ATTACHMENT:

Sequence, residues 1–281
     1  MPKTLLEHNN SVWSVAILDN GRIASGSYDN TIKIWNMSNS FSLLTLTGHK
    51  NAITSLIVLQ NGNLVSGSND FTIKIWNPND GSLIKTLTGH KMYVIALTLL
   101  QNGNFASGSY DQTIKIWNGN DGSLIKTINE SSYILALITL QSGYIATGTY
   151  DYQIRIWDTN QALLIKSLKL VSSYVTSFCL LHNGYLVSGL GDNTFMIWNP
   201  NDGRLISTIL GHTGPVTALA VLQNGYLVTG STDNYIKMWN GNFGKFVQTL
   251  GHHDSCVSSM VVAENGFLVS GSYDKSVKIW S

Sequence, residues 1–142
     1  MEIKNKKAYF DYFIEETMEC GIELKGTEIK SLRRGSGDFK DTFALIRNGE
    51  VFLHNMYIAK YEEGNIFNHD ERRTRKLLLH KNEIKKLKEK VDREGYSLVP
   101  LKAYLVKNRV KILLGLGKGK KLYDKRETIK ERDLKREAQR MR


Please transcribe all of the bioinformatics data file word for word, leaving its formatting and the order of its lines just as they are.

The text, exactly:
Sequence, residues 1–281
     1  MPKTLLEHNN SVWSVAILDN GRIASGSYDN TIKIWNMSNS FSLLTLTGHK
    51  NAITSLIVLQ NGNLVSGSND FTIKIWNPND GSLIKTLTGH KMYVIALTLL
   101  QNGNFASGSY DQTIKIWNGN DGSLIKTINE SSYILALITL QSGYIATGTY
   151  DYQIRIWDTN QALLIKSLKL VSSYVTSFCL LHNGYLVSGL GDNTFMIWNP
   201  NDGRLISTIL GHTGPVTALA VLQNGYLVTG STDNYIKMWN GNFGKFVQTL
   251  GHHDSCVSSM VVAENGFLVS GSYDKSVKIW S

Sequence, residues 1–142
     1  MEIKNKKAYF DYFIEETMEC GIELKGTEIK SLRRGSGDFK DTFALIRNGE
    51  VFLHNMYIAK YEEGNIFNHD ERRTRKLLLH KNEIKKLKEK VDREGYSLVP
   101  LKAYLVKNRV KILLGLGKGK KLYDKRETIK ERDLKREAQR MR